p2 = p1;
p1 = isPrime(i);
if (p3 && p1) {
count++;
}
}
return count;
}
 
void test(int limit) {
int count = countTwinPrimes(limit);
printf("Number of twin prime pairs less than %d is %d\n", limit, count);
}
 
int main() {
test(10);
test(100);
test(1000);
test(10000);
test(100000);
test(1000000);
test(10000000);
test(100000000);
return 0;
}
Output:
Number of twin prime pairs less than 10 is 2
Number of twin prime pairs less than 100 is 8
Number of twin prime pairs less than 1000 is 35
Number of twin prime pairs less than 10000 is 205
Number of twin prime pairs less than 100000 is 1224
Number of twin prime pairs less than 1000000 is 8169
Number of twin prime pairs less than 10000000 is 58980
Number of twin prime pairs less than 100000000 is 440312

C++[edit]

Library: Primesieve

The primesieve library includes the functionality required for this task. RC already has plenty of C++ examples showing how to generate prime numbers from scratch. (The module Math::Primesieve, which is used by the Raku example on this page, is implemented on top of this library.)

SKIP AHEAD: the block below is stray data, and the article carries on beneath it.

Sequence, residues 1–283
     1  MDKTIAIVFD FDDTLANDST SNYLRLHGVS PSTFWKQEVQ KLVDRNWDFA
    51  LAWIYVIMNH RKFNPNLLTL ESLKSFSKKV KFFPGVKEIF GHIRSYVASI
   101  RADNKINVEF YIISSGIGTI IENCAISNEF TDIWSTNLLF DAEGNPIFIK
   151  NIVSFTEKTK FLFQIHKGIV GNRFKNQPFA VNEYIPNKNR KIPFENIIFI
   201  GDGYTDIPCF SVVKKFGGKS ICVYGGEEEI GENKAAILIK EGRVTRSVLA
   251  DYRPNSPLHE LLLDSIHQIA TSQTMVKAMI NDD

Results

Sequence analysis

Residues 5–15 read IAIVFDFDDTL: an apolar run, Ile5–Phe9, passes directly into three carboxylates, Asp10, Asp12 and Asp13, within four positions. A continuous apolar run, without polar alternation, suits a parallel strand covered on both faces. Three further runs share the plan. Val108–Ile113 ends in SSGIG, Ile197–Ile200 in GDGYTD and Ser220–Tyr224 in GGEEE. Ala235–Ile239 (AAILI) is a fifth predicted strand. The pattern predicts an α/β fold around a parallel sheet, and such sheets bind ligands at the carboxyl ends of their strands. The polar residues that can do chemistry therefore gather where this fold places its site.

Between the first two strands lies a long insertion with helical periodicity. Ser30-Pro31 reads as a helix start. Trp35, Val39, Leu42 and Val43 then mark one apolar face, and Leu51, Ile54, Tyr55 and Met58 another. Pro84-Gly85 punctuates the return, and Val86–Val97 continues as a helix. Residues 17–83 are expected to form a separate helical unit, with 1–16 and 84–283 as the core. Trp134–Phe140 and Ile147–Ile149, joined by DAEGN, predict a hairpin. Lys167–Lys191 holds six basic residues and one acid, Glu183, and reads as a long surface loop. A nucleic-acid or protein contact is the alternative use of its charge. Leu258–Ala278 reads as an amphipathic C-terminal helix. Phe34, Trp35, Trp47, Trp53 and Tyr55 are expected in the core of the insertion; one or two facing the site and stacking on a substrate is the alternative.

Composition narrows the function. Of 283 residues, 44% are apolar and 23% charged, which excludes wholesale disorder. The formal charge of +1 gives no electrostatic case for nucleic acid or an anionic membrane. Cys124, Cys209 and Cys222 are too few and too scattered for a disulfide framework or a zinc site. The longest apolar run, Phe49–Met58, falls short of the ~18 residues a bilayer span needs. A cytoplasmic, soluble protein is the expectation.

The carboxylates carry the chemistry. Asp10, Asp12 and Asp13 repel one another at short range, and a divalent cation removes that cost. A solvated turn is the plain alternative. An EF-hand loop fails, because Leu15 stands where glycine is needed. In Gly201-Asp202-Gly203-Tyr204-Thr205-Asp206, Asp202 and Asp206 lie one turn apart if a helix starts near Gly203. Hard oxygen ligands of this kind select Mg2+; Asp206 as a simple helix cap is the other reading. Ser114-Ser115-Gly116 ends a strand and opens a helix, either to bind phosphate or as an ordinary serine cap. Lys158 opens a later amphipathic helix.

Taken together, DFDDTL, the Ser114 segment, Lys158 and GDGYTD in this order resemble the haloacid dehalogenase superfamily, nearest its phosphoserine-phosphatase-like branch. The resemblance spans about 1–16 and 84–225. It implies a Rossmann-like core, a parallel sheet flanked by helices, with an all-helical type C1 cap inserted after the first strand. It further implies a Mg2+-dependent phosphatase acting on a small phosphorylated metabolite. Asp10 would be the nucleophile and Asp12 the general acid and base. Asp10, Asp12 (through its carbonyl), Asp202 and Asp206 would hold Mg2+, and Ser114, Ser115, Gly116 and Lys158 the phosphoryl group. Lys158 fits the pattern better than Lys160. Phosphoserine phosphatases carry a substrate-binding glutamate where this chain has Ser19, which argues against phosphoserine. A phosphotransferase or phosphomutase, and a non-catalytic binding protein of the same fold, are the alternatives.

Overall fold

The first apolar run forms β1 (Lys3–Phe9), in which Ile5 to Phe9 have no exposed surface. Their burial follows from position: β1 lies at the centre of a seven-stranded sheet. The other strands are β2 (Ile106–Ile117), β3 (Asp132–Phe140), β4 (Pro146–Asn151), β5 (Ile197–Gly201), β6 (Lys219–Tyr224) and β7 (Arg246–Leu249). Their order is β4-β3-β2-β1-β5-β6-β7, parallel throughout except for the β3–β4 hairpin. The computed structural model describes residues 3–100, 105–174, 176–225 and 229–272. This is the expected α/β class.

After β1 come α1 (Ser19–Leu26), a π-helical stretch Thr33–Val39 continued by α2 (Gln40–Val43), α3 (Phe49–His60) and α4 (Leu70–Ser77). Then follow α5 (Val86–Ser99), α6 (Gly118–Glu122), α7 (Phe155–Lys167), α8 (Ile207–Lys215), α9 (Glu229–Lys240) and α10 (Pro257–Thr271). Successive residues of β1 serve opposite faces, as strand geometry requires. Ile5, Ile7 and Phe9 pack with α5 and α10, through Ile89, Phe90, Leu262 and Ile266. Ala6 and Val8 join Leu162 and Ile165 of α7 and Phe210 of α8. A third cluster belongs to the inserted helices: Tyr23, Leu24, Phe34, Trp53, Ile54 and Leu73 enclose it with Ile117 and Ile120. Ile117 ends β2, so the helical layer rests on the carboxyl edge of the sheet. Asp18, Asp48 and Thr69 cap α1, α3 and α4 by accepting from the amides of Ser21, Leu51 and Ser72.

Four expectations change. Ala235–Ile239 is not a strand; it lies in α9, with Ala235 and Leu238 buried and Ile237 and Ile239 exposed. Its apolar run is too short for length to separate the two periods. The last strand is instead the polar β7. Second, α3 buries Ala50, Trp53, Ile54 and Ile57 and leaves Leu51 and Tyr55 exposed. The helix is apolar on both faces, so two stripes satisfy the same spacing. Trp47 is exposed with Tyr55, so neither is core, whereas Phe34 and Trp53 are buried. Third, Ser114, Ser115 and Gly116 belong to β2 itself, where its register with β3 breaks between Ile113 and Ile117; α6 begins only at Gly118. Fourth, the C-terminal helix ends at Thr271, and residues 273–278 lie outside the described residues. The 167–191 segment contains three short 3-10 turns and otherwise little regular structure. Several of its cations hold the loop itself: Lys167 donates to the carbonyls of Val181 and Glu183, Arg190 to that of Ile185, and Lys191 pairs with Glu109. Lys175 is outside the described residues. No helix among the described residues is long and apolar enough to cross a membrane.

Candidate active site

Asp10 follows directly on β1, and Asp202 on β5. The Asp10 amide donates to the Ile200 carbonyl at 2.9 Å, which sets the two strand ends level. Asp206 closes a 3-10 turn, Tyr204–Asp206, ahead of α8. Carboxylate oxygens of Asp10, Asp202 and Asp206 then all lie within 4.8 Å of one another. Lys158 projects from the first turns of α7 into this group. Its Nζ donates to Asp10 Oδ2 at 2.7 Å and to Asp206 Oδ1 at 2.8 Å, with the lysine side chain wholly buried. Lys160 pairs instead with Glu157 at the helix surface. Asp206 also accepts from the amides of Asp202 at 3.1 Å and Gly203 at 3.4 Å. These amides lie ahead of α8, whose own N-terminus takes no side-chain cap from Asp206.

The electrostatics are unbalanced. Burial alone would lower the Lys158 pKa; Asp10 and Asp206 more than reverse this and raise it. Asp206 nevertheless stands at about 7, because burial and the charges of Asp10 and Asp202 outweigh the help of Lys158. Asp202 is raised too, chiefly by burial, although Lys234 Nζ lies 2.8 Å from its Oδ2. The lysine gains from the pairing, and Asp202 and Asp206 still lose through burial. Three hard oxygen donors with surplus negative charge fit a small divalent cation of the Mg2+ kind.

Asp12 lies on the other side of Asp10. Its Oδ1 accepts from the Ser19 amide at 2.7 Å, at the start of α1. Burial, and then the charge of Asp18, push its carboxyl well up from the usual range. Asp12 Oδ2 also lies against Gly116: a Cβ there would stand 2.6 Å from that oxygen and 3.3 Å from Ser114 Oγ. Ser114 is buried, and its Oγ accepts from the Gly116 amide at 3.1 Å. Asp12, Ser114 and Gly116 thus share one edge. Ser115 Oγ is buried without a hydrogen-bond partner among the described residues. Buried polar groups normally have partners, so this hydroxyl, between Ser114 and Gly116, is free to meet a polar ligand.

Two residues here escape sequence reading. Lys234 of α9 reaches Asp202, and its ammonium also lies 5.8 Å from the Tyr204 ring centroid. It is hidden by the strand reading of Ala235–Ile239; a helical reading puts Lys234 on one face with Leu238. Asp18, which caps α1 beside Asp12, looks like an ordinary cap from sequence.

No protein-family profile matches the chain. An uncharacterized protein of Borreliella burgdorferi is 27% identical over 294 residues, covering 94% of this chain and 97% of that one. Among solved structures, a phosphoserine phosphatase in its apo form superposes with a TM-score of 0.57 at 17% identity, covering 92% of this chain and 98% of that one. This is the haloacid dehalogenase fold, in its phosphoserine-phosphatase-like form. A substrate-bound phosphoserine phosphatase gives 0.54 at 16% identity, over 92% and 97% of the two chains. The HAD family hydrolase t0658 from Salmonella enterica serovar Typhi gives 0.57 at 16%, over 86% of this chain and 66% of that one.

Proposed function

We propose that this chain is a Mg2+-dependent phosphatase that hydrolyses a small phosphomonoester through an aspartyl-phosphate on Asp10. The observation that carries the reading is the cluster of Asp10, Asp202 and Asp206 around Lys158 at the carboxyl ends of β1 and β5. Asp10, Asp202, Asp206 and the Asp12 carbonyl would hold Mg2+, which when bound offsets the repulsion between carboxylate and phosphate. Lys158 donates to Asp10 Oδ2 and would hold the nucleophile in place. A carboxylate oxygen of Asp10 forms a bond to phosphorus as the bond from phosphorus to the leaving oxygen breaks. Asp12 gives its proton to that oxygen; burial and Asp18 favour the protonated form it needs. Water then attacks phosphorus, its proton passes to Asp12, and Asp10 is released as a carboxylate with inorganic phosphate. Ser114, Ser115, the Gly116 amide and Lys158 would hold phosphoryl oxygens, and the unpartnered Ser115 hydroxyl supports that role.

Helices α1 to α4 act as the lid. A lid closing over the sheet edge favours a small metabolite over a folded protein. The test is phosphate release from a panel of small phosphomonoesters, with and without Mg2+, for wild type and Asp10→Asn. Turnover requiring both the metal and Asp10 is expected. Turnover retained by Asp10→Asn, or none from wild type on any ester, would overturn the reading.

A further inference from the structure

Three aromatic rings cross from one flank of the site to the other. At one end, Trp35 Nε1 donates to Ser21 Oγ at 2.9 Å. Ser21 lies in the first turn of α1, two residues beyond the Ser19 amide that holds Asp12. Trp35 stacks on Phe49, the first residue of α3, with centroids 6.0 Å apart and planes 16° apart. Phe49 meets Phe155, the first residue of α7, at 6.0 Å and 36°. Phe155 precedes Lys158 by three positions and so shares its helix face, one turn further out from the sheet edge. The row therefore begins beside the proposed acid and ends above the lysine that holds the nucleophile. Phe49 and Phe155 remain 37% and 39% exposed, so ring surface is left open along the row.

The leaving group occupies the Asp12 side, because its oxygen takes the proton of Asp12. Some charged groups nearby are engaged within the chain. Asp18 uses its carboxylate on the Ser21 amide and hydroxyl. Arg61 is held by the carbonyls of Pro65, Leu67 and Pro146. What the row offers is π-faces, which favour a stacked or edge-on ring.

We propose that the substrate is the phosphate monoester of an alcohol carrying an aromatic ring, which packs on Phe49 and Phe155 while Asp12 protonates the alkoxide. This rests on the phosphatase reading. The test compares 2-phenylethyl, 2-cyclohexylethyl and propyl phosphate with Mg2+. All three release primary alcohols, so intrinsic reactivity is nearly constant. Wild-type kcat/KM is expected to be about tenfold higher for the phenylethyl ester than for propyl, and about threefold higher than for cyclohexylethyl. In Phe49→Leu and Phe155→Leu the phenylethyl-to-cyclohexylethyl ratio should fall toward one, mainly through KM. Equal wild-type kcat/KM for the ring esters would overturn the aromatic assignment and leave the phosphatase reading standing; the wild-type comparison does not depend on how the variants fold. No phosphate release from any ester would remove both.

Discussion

#include <cstdint>
#include <iostream>
#include <string>
#include <primesieve.hpp>
 
void print_twin_prime_count(long long limit) {
std::cout << "Number of twin prime pairs less than " << limit
<< " is " << (limit > 0 ? primesieve::count_twins(0, limit - 1) : 0) << '\n';
}
 
int main(int argc, char** argv) {
std::cout.imbue(std::locale(""));
if (argc > 1) {
// print number of twin prime pairs less than limits specified
// on the command line
for (int i = 1; i < argc; ++i) {
try {
print_twin_prime_count(std::stoll(argv[i]));
} catch (const std::exception& ex) {
std::cerr << "Cannot parse limit from '" << argv[i] << "'\n";
}
}
} else {
// if no limit was specified then show the number of twin prime
// pairs less than powers of 10 up to 100 billion
uint64_t limit = 10;
for (int power = 1; power < 12; ++power, limit *= 10)
print_twin_prime_count(limit);
}
return 0;
}
Output:
Number of twin prime pairs less than 10 is 2
Number of twin prime pairs less than 100 is 8
Number of twin prime pairs less than 1,000 is 35
Number of twin prime pairs less than 10,000 is 205
Number of twin prime pairs less than 100,000 is 1,224
Number of twin prime pairs less than 1,000,000 is 8,169
Number of twin prime pairs less than 10,000,000 is 58,980
Number of twin prime pairs less than 100,000,000 is 440,312
Number of twin prime pairs less than 1,000,000,000 is 3,424,506
Number of twin prime pairs less than 10,000,000,000 is 27,412,679